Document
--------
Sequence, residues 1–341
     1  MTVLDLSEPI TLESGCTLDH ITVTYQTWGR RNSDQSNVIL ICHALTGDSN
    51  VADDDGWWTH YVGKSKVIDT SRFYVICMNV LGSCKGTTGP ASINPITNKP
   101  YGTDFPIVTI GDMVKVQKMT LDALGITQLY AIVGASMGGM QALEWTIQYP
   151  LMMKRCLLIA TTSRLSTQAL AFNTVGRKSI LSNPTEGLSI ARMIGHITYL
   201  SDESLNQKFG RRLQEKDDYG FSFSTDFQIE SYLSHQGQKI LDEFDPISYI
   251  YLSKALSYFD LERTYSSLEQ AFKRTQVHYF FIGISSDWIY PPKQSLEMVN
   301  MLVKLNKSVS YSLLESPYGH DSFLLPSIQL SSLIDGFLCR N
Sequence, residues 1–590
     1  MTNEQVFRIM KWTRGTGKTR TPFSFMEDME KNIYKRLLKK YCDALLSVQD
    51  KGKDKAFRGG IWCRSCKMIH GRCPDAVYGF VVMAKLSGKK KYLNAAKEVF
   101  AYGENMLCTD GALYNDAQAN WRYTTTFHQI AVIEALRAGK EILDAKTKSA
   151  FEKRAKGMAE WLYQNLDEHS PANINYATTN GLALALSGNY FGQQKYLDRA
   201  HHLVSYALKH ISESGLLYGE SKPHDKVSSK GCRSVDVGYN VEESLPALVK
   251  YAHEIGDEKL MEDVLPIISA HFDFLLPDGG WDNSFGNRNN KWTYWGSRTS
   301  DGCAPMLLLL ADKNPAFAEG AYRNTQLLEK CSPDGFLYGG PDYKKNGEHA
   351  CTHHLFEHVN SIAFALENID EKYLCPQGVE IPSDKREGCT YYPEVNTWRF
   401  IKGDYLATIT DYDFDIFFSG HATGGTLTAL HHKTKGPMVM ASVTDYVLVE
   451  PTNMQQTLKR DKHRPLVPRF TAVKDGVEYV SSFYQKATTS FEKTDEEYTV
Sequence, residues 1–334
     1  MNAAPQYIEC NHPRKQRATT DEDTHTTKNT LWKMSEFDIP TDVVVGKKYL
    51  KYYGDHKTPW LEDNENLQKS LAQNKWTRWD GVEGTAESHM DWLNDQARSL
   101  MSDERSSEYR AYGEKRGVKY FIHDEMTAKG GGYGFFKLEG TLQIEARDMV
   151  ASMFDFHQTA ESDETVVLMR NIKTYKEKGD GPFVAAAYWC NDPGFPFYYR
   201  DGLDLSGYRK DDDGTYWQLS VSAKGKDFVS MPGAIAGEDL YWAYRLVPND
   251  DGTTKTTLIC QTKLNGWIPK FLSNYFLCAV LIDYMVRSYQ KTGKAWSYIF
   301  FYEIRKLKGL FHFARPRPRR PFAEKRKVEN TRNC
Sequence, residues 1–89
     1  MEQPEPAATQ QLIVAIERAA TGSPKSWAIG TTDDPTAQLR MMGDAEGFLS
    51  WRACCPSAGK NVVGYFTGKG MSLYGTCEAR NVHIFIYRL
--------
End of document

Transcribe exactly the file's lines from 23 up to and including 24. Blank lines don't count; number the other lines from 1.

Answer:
   101  MSDERSSEYR AYGEKRGVKY FIHDEMTAKG GGYGFFKLEG TLQIEARDMV
   151  ASMFDFHQTA ESDETVVLMR NIKTYKEKGD GPFVAAAYWC NDPGFPFYYR